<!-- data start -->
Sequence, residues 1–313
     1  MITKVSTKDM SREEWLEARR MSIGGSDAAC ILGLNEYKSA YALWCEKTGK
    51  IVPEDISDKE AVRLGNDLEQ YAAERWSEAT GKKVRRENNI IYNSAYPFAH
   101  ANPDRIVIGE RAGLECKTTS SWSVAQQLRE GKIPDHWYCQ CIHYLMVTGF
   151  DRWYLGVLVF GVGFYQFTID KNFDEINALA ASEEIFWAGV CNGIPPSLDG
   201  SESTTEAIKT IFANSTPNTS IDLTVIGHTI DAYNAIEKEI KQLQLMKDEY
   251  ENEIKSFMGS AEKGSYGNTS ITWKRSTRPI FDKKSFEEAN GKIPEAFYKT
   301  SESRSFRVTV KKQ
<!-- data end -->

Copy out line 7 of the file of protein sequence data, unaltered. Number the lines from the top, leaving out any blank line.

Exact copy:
   251  ENEIKSFMGS AEKGSYGNTS ITWKRSTRPI FDKKSFEEAN GKIPEAFYKT